"Faces of the Fallen" is a volunteer project, established in 2012, to research the lives of fallen soldiers in Israel and complete the details engraved on their tombstones. Sponsored in cooperation with the memorial unit of Israel's Ministry of Defense, the project works collaboratively with Yad Vashem to research soldiers who were born in Europe and immigrated to Israel either prior to or immediately following the Holocaust. Yad Vashem serves not only a source of vital information about the soldiers' lives, but also helps shed light on the soldiers' family backgrounds and sometimes locate living relatives by making use of information in the Central Database of Shoah Victims' Names.
Many of the fallen in Israel between the years of 1940-1950 were soldiers who immigrated before World War II. The majority of the families they left behind were murdered in the Holocaust. Other fallen soldiers were themselves survivors of the horrors of the Holocaust who were recruited into the army soon after their arrival and fell in the battle for Israel's independence. Often there is very little information about their experiences during the war or their family background. "Faces of the Fallen" is currently researching the lives of some 300 soldiers from Europe, mainly Holocaust survivors. Headed by Dorit Perry and Uri Sagi, project volunteers "adopt" soldiers and research their biographies in archives in Israel and abroad.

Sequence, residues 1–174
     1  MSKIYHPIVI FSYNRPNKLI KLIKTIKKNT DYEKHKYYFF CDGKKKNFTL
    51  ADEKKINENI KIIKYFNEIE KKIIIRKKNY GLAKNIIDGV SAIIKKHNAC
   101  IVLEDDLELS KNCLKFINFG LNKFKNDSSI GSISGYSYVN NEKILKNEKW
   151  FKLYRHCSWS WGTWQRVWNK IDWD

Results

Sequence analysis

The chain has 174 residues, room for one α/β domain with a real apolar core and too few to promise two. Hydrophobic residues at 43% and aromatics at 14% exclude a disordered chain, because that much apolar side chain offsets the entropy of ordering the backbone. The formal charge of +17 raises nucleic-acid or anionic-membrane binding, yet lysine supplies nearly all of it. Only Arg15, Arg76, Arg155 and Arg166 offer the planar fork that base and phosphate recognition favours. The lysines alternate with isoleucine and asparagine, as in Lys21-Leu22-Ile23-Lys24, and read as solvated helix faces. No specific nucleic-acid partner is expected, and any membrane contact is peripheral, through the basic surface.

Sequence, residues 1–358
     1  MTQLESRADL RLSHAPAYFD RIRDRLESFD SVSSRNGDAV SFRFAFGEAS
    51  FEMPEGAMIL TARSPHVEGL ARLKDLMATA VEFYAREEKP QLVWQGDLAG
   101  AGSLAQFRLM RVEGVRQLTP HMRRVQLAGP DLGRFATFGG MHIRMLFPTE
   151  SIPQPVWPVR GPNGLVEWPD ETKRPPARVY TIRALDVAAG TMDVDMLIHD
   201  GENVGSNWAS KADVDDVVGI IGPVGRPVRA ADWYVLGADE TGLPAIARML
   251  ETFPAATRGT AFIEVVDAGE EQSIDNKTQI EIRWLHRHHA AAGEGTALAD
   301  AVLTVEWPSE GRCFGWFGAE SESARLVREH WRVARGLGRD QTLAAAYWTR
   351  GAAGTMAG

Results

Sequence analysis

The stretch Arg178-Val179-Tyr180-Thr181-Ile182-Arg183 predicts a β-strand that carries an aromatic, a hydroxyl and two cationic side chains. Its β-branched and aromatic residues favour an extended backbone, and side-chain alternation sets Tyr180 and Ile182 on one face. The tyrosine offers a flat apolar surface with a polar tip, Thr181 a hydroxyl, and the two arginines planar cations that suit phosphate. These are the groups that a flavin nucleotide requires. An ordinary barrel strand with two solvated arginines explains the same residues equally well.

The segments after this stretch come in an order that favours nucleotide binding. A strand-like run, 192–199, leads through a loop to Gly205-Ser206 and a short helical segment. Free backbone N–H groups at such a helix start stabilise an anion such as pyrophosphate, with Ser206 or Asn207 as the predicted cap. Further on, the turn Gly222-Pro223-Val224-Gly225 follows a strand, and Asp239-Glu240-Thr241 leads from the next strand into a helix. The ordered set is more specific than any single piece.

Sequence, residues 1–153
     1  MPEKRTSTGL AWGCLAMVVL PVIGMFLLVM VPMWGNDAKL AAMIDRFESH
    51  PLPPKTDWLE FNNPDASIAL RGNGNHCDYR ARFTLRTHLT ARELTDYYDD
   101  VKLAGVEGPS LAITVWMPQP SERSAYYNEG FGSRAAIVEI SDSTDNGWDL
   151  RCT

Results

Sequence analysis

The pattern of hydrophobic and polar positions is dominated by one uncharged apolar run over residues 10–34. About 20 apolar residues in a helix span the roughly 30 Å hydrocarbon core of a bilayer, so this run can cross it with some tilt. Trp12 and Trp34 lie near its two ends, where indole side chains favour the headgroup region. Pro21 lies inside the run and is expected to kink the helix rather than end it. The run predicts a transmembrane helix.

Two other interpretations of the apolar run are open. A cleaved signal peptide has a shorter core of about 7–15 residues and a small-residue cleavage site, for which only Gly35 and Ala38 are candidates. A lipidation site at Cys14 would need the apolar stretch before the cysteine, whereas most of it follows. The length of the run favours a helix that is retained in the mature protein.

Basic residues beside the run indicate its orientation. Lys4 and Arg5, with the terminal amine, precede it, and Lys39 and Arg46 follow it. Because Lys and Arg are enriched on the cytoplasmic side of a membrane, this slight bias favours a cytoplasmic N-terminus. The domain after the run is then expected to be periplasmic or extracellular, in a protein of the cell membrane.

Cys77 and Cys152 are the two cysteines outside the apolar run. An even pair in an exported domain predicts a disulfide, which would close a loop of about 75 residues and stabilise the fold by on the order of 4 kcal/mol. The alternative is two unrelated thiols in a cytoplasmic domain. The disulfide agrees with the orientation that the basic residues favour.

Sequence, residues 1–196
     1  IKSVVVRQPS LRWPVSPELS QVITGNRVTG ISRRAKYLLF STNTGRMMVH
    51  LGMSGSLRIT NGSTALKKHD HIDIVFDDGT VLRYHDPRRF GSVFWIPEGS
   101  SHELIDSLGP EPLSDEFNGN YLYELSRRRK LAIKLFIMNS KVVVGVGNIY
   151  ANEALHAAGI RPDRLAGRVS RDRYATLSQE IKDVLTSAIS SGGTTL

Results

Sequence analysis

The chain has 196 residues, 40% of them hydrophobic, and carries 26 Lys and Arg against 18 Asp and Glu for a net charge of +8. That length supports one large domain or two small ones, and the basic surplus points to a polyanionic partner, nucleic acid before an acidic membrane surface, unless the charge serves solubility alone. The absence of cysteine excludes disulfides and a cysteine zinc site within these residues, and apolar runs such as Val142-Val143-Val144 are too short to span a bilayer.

The cooperation with Yad Vashem allows the project team to access archival databases and learn more about the fallen soldiers. Thanks to information in Yad Vashem's Names Database, project staff were able to learn more about Moshe Willinger, a survivor of Auschwitz and Buchenwald, who fell in the line of duty on August 15, 1948 at the age of 20. Tracing the history of Brent Willinger, Moshe's father, volunteers found evidence that Moshe's sister may have been murdered together with her father. They also found the name of his mother, as well as further information about his family's experiences during World War II. During an emotional ceremony held on April 21, 2015 at the military cemetery on Mount Herzl attended by Moshe's cousins, his friends from the Bnei Akiva youth movement as well as the young volunteers who had tirelessly researched his story, Moshes Willinger's tombstone was replaced with a new stone containing all the updated information that was discovered.